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GOP looks to scrap Obama-era rule on college credit hours

GOP looks to scrap Obama-era rule on college credit hours
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As part of the Higher Education Act reauthorization, House Republicans are taking aim at a Department of Education rule meant to stop colleges from defrauding the federal student aid system.

The proposal to roll back the Obama-era rules that define a “credit hour” is one of dozens of provisions in the 542-page House bill, known as the Promoting Real Opportunity, Success and Prosperity Through Education Reform (PROSPER) Act.

In 2011, the Education Department enacted controversial rules that allowed institutions of higher education to define a credit hour in a number of ways, not just by the traditional hours of instruction or “seat time.”

A college could also count the “amount of work represented” in a student’s learning outcomes or “evidence of student achievement” toward credit hours.

By setting minimum standards of what constitutes a credit hour, the Obama administration said it could reduce the amount of federal student aid fraud committed by higher education institutions that have lax oversight.

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But proponents of the House GOP legislation say that the federal government had been overreaching in its attempt to define curriculum-based standards.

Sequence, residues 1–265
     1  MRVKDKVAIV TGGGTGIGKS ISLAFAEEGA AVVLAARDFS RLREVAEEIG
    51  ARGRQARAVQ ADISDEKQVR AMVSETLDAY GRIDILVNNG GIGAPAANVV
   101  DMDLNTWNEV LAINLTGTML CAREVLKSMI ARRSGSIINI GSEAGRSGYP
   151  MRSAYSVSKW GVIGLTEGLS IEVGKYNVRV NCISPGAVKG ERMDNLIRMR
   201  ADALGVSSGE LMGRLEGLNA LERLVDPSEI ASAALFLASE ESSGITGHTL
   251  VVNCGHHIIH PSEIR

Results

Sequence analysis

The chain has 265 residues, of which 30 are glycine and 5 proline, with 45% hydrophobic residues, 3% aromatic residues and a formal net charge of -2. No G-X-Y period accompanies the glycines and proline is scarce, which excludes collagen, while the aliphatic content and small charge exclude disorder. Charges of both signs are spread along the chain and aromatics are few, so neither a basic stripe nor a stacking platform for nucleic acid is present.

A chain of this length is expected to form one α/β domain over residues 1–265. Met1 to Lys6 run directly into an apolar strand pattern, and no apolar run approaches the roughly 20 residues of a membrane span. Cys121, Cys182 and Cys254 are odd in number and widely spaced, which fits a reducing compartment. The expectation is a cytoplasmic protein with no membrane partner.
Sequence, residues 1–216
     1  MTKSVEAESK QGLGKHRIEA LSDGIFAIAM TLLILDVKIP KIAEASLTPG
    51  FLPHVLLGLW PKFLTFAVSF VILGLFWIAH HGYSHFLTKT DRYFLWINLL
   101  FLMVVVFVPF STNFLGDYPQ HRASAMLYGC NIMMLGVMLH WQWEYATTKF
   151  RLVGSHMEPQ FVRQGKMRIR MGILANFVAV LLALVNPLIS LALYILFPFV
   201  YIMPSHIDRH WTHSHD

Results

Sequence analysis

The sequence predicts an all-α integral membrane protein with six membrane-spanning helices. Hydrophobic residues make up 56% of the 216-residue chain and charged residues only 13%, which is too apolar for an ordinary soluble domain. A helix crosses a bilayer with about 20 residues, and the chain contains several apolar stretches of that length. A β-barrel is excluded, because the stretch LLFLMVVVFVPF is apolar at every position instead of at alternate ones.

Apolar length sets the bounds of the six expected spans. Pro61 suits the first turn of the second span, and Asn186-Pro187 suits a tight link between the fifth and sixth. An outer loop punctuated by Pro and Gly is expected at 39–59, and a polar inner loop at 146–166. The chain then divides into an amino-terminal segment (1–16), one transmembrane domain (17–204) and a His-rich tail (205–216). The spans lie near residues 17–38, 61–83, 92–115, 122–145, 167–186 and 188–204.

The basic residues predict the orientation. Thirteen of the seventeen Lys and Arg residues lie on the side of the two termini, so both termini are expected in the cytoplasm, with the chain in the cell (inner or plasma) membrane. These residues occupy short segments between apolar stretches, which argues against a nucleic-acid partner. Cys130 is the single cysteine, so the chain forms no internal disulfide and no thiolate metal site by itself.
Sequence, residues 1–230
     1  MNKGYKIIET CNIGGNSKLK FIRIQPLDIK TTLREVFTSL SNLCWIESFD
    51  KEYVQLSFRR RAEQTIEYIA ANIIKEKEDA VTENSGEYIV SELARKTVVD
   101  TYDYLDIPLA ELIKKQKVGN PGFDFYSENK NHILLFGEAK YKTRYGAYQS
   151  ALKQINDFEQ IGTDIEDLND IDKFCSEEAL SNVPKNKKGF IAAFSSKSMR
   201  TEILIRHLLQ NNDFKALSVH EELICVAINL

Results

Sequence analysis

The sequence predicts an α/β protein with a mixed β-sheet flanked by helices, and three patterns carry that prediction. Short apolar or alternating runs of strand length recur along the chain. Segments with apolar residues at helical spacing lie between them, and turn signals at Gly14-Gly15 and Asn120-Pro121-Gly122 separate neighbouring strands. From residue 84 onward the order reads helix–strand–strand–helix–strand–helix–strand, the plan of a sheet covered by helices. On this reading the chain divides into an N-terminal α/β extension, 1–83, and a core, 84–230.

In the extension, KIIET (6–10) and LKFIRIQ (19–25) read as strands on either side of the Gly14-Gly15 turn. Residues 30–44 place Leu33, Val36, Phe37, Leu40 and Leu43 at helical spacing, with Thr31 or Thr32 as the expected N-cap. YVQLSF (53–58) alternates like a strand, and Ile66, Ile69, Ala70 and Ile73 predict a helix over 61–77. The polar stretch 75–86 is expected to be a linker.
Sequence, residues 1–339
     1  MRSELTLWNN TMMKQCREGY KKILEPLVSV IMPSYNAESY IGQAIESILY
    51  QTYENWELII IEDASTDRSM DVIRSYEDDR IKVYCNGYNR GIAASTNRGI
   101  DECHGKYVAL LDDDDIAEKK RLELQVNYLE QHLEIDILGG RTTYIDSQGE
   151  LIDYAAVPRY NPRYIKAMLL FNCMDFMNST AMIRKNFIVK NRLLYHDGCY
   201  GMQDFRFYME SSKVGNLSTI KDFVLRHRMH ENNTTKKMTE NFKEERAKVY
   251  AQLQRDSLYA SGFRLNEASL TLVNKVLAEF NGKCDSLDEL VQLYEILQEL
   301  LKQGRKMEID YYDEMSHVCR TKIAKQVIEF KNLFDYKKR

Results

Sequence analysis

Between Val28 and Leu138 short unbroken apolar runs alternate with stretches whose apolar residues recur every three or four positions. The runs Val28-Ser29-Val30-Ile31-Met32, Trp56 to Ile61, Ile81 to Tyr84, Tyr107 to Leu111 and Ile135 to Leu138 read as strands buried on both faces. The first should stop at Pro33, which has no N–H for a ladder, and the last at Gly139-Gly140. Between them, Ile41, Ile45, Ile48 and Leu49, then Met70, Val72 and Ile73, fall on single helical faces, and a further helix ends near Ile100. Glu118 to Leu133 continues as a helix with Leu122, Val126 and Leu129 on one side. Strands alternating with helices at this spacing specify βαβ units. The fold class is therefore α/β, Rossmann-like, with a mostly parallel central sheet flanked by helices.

“The creation of a federal definition of a credit hour was part of the Obama administration’s ‘Washington knows best’ approach to higher education, and it only created barriers to innovation for students and institutions,” Rep. Virginia FoxxVirginia Ann FoxxA 2 billion challenge: Transforming US grant reporting Trump calls North Carolina redistricting ruling ‘unfair’ Women poised to take charge in Dem majority MORE (R-N.C.), a sponsor of the PROSPER Act, told The New York Times

However, some fear that repealing the federal definition would allow bad actors to manipulate standards to get students through courses faster — with less benefits — and therefore increase and exploit the volume of federal student aid an institution receives.

Prior to the rules, there was not a single definition for what constituted a credit hour, which has generally been based on how much time a student spends in a classroom.

As part of a crackdown on for-profit colleges, the Obama administration issued new rules for credit hours. The action came after reports from the Department of Education inspector general that found weak supervision over some academic programs when it came to federal aid.

In one report, the inspector general found that a for-profit, online university allowed a student to accrue nine credits for a 10-week course.

At most universities, a 15-week class or program is often valued at three credits. Many four-year undergraduate degrees require the completion of about 120 credits.

Although the Obama-era rules disproportionately impacted for-profit schools, many in the nonprofit university space oppose them as well, calling them burdensome and overreaching.

“Very clearly what the Obama administration was doing was targeting for-profits, but they didn’t think about the implications [the rule had] for the majority of students and their campuses” in the nonprofit sector, said Jonathan Fansmith, the director of government relations at the American Council on Education, which represents roughly 1,800 presidents at higher education institutions and accreditation organizations.